Mark was the pastor of Father Dyer Church in Breckenridge and Roberta was a school teacher who wrote books about nature and wildflowers. Roberta’s parents were one of two families to first take Thomas up on his offer to build on Bill’s Ranch. Her father, Reverend Dexheimer, chose a space on Miner’s Creek and told his congregation back in Denver of Bill’s offer, encouraging others to take up the free lots. Although Roberta and Mark’s lives together initially led them East, they eventually purchased a lot in the Ranch where they had honeymooned. The Fiesters were living in Ordway at the time, but commuted the 235 miles whenever they could. They began work on their house in 1950, which they named “Look-Up Lodge” due to its views of Peak One, Buffalo, Royal, Wichita and Chief mountains. The Fiesters moved to Denver but continued to spend summers at their Summit County home, and in 1965, Mark was able to move there permanently. He was appointed as reverend of the Father Dyer Church in Breckenridge, and spent years rebuilding both his congregation and the church itself, while Roberta remained in Wheat Ridge to teach at an elementary school to support the couple. To see each other, the pair commuted over Loveland Pass during the school year for the next 10 years.

Both Fiesters spent their lives writing, Mark publishing a history of Breckenridge, “Blasted, Beloved Breckenrige,” (1973) and Father Dyer’s biography “Look for Me in Heaven: The Life of John Lewis Dyer” (1980). After retiring from teaching in 1975, Roberta was able to move up to Look-Up Lodge full time, and spent her time learning about wildflowers. She wrote a slew of books about the natural world, inspired by her surroundings at Bill’s Ranch.

Mark passed away on March 24, 1996, at the age of 89. Roberta followed just a year later on May 6, 1997 at age 87. After her death, the Fiester children sold the Look-Up Lodge to Katherine Smith, Frank’s wife.


The Fiester Preserve today, however, doesn’t resemble what it did when it was turned into a conservation easement. The mountain pine beetle infestation that swept the West in the early 2000s also devastated the dense stand of lodgepole pines that covered the property, leaving only a few healthy trees. But the residents of Bill’s Ranch still cherish the property, and continue to work with CDLT and Summit County Open Space to try and restore the land to its original beauty.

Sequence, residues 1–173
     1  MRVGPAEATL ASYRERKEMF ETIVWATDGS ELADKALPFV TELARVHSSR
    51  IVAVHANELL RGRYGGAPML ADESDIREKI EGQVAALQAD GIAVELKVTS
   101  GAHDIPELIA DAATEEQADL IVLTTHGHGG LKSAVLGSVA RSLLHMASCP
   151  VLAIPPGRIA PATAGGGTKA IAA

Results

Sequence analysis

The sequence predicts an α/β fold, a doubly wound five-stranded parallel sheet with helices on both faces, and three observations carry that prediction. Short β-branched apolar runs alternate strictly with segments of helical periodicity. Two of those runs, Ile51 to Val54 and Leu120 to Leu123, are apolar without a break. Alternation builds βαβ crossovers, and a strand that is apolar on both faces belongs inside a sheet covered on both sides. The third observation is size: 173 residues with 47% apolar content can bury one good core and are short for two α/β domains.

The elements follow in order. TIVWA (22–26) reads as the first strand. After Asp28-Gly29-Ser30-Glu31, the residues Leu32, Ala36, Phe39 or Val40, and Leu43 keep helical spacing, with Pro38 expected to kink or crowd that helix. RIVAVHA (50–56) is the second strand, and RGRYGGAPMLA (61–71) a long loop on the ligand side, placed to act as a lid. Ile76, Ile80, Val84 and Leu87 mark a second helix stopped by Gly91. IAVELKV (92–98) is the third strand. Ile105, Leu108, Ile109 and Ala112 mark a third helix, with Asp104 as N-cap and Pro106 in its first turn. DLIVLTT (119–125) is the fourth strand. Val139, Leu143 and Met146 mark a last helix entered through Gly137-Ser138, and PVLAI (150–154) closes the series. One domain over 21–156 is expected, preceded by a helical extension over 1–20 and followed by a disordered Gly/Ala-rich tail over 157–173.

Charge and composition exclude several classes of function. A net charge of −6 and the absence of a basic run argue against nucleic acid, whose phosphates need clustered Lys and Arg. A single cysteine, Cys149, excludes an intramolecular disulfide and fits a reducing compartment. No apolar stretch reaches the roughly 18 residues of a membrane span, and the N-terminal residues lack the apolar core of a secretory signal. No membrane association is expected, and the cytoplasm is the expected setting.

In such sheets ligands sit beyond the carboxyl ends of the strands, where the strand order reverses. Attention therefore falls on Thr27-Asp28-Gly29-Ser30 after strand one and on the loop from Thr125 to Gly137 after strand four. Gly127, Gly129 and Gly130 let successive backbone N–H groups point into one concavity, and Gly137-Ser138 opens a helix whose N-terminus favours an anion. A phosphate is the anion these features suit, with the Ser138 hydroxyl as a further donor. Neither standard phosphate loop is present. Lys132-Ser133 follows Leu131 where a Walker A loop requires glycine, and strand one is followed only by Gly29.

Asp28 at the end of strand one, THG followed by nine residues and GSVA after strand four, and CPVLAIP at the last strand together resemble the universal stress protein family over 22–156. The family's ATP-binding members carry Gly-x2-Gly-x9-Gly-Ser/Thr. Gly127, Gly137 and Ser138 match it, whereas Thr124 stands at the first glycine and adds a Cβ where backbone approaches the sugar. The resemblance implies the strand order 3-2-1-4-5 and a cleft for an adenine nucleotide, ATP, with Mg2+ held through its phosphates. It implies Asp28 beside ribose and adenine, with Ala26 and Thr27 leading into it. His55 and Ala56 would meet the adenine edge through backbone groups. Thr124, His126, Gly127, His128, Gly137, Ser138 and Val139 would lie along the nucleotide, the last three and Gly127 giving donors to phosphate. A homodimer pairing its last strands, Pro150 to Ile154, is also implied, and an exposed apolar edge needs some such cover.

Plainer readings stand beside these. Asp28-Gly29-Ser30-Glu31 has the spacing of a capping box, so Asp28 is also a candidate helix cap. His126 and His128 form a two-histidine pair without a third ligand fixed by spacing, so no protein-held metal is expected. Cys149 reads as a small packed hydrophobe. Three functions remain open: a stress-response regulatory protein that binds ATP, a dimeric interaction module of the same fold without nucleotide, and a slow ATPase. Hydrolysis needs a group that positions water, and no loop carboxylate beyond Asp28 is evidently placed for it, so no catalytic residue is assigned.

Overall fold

“Since that time, we at Bill’s Ranch — and Summit County Open Space — have been planting trees,” said Karen Little, president of Bill’s Ranch Neighborhood Association. “They are not very big but they will grow. The ground cover has come back and the animals are there — it really is a sacred bit of forest that will come back and will be a wonderful open space.”

A task force was created in 2013 to continue with the efforts, and both the Littles said the space is already starting to look better. Just this past December, the Bills Ranch Neighborhood Association restored the sign at the entrance to the Fiester Preserve on Bobwhite Way, so that users of the area would be aware of the piece of open space they were using.

“There are trails through it that people from Ophir Mountain development and Frisco Bay use to get back and forth across between County Commons area and their homes,” Ben said.

In 2013, the Senior Housing Task Force identified the Fiester Preserve in Frisco as the preferred location for a continuum of care campus for seniors. In a CDLT newsletter dated Fall 2013, it was written that “CDLT has expended a considerable amount of resources and staff time this year in understanding the proposal and developing defense strategies,” against the development of the easement.

Bill’s Ranch residents and CDLT worked with the county to maintain the Preserve as open space, and the idea was eventually scrapped.

The Littles said residents of Bill’s Ranch want to make the community and guests aware of the importance of Fiester Preserve, as well as its history.

“It’s just a story about a little gem that was kind of forgotten and needs to be recognized and remembered,” Karen said.

Some of the background information for this article was provided by “History of the Land: The Fiester Preserve,” written by Maryann Gaug and created by the Continental Divide Land Trust with a grant from the Summit Foundation.